Obama still looks to Lincoln for inspiration
AMERICA:Steven Spielberg’s film Lincoln is a gripping account of political process
President Barack Obama invited director Stephen Spielberg, the actor Daniel-Day Lewis and the cast of the film Lincoln to a screening at the White House on Thursday, the eve of its distribution nationwide.
It is a safe bet Obama was one of the most ardent viewers. As a senator, he used to seek inspiration at the Abraham Lincoln memorial at night. As president, he was sworn in on Lincoln’s Bible and has several times invited the nation’s leading historians to dinner at the White House, to ask them what Lincoln and other great presidents would have done in his position.
There on the screen was Day-Lewis, in a phenomenal performance that is already tipped for an Oscar, embodying the idealistic and pragmatic president in the aftermath of a hard-won re-election.
With his reedy Illinois drawl, bawdy humour, humanity, melancholia and above all skill as a political strategist, Day-Lewis is Lincoln.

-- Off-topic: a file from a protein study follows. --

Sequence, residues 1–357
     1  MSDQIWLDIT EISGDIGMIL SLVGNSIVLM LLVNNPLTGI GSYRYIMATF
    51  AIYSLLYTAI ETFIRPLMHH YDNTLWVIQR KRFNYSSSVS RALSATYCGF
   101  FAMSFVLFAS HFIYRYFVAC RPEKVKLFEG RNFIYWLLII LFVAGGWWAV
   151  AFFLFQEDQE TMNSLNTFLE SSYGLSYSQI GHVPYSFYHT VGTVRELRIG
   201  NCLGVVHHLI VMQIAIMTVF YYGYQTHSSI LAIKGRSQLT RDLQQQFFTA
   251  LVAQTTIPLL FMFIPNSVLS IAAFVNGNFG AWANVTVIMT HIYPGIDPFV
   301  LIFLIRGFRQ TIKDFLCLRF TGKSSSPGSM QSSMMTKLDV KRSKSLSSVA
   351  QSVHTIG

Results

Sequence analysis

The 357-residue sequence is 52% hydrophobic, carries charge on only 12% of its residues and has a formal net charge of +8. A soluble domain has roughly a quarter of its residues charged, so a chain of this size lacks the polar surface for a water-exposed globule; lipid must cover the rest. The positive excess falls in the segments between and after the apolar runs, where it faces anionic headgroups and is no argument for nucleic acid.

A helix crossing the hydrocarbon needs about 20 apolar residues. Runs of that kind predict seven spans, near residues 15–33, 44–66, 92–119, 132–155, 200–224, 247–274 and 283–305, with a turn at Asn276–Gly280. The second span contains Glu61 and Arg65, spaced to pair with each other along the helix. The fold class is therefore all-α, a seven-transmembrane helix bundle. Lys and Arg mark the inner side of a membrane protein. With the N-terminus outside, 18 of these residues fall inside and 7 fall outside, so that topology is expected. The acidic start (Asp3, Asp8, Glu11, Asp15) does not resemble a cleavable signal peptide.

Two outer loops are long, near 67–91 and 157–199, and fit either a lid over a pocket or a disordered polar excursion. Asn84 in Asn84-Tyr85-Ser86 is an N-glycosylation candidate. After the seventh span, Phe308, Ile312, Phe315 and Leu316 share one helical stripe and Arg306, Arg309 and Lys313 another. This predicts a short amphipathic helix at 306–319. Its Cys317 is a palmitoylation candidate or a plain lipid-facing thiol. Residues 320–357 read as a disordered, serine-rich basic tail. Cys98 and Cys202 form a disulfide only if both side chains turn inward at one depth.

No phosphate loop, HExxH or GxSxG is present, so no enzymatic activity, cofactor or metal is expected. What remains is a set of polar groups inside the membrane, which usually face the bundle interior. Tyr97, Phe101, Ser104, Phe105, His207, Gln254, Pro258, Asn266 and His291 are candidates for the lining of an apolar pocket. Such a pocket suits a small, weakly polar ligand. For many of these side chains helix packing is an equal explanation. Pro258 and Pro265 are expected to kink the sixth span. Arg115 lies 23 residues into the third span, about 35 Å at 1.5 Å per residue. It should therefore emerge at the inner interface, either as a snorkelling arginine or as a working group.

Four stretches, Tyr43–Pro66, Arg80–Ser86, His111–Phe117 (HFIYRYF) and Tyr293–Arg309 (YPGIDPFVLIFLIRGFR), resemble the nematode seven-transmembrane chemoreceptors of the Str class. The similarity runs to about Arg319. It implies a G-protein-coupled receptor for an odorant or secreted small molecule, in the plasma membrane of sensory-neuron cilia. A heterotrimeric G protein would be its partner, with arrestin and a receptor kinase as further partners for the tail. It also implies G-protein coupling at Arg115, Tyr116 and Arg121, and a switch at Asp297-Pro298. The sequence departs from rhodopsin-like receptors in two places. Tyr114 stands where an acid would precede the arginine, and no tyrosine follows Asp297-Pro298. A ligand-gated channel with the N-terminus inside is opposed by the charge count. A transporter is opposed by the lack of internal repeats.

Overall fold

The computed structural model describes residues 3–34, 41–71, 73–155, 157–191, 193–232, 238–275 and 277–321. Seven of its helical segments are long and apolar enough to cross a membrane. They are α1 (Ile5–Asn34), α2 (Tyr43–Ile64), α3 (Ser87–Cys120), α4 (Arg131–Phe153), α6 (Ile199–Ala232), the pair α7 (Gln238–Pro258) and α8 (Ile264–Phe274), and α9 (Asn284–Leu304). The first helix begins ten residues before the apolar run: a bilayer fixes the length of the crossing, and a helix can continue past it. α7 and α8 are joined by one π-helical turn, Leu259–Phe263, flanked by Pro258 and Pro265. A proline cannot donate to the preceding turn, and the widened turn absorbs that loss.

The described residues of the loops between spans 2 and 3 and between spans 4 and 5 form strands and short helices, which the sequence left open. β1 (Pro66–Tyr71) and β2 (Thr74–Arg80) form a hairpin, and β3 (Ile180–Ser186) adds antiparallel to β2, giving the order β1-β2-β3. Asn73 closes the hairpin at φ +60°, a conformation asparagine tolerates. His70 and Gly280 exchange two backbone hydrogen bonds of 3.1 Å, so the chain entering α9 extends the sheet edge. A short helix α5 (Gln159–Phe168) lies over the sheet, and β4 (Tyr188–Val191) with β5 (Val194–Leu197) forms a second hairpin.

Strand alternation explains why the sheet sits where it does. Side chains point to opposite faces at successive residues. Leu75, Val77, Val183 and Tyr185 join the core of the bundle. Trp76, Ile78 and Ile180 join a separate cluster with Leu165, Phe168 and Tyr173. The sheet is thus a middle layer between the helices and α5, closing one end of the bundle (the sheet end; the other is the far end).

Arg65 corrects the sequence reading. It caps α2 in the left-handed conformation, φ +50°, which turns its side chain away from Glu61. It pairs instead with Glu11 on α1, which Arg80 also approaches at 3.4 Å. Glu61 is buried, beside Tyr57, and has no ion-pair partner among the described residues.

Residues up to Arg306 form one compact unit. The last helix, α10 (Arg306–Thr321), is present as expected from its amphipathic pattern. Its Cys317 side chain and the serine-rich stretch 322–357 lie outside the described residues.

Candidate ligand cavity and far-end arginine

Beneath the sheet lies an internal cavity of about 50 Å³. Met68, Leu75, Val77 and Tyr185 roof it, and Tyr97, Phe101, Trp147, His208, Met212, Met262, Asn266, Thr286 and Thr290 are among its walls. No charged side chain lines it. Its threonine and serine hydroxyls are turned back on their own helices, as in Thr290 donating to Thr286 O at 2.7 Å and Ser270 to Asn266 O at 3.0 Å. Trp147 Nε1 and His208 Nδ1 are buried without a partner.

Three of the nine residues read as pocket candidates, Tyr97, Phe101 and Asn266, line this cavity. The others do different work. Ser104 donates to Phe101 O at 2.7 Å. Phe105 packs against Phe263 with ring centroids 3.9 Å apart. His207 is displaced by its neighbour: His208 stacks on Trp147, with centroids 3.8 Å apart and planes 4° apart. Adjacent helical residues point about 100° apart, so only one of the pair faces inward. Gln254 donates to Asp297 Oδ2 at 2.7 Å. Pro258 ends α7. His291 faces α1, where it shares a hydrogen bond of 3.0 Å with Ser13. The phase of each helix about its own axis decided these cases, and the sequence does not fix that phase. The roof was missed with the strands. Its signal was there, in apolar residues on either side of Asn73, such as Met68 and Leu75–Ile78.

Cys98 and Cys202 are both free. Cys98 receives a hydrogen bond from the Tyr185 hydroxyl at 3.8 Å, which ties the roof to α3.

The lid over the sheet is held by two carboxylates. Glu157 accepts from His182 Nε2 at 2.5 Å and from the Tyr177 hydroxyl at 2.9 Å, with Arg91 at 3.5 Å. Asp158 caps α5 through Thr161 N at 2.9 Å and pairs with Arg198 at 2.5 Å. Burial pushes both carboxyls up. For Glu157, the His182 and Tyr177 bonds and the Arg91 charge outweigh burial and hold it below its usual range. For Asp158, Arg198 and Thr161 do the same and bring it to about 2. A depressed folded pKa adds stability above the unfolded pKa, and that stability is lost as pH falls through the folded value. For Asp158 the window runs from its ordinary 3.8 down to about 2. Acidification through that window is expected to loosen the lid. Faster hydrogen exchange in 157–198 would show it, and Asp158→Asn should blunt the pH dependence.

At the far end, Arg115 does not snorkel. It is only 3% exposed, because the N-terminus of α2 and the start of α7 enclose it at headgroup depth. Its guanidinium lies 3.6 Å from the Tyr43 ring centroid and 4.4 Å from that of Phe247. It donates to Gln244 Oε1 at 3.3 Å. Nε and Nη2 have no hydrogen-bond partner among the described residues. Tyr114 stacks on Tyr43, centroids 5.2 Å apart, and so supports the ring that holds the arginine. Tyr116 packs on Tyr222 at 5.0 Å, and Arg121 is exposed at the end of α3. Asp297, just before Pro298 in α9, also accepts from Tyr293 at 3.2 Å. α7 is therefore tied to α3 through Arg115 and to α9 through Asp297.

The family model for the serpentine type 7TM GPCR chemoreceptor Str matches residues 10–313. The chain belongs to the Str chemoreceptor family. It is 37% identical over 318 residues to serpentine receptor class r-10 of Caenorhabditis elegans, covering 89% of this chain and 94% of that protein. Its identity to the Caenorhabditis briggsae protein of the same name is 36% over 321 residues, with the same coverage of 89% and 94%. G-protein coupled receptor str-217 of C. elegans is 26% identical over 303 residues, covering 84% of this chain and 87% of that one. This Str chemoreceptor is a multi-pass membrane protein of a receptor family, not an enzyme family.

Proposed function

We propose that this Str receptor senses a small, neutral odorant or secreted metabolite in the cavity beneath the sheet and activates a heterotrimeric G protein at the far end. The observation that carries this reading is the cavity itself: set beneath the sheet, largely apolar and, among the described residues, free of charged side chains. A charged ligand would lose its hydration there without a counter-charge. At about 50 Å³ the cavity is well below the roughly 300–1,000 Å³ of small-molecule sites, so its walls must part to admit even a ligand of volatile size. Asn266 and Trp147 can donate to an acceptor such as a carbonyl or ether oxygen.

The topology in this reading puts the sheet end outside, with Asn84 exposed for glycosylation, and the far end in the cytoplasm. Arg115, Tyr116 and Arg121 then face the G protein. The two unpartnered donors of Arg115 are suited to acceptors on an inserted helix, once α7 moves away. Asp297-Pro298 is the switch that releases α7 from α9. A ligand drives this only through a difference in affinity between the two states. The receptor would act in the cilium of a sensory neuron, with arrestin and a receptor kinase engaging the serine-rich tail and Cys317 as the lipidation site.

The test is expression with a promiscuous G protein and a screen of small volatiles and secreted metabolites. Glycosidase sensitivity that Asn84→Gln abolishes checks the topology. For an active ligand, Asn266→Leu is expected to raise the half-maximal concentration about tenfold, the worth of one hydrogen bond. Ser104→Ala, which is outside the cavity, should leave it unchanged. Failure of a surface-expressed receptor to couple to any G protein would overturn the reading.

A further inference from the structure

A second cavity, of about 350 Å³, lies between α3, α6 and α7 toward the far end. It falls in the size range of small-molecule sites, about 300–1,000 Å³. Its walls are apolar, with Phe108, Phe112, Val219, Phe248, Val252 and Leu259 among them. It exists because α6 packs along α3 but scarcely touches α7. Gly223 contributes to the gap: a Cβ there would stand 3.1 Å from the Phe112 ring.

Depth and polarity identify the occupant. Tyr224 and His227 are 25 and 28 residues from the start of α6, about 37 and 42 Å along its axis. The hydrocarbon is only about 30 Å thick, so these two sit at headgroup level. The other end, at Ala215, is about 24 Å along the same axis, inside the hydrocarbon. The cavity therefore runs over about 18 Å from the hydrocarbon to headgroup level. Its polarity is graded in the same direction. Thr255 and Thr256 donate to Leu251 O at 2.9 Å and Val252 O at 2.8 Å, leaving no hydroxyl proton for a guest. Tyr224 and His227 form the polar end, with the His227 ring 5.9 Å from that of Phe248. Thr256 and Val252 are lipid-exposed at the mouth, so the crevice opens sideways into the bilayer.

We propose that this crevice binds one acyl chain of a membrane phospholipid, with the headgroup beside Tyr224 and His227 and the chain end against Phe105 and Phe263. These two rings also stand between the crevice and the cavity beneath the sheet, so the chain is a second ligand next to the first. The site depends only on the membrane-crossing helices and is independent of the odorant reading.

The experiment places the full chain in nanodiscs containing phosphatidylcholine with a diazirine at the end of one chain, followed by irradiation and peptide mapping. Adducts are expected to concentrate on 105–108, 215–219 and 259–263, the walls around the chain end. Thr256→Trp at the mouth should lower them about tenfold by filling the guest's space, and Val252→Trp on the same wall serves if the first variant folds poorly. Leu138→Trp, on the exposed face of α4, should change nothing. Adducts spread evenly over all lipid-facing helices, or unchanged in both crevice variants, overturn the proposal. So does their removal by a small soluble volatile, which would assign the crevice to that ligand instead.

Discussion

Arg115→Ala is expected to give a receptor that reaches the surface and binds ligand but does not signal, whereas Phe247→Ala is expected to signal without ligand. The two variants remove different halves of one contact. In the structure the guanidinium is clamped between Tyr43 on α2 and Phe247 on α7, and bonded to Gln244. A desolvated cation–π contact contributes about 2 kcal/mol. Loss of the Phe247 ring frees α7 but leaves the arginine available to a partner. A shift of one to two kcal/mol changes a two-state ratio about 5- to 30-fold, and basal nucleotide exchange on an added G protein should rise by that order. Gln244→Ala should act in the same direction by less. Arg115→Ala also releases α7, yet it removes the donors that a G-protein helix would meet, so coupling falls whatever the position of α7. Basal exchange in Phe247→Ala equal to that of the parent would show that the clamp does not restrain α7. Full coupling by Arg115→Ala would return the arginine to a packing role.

Lincoln faced a dilemma in the winter of 1864-65.
The Union army had turned the tide and the Confederates wanted to sue for peace, but on terms that would ensure the perpetuation of slavery. Lincoln was convinced his 1862 emancipation proclamation would not be sufficient; he needed a 13th amendment to the constitution, abolishing slavery forever. Peace and the amendment were in conflict.
Lincoln was forced to drag out negotiations until he could push the amendment through Congress.
Although it shows the carnage of the Civil War, Spielberg’s film is above all a gripping account of a normally tedious subject: political process.
In one of the most powerful moments of the film, an awe- inspiring Lincoln pounds on the table before the January 31st, 1865, vote on the amendment. “I am the president of the United States of America, clothed in immense power. You will procure me these votes!” he declares.
Spielberg, it will be recalled, donated $1 million to Obama’s re-election campaign.
Michael Hogan, the arts and entertainment editor for the Huffington Post, calls that scene a “memo to President Barack Obama from your powerful friends in Hollywood: You are the president of the United States, clothed in immense power. Now use it.”
The film is a reminder that Congress has always been a den of reprobates, that US politics have always been contentious. The debate on the 13th amendment lasted three weeks.
Watching Republicans and Democrats hurl insults at one another amid flights of brilliant rhetoric, you can’t help longing for the epoch of orators, before congressmen read teleprompters to camera in front of an empty chamber.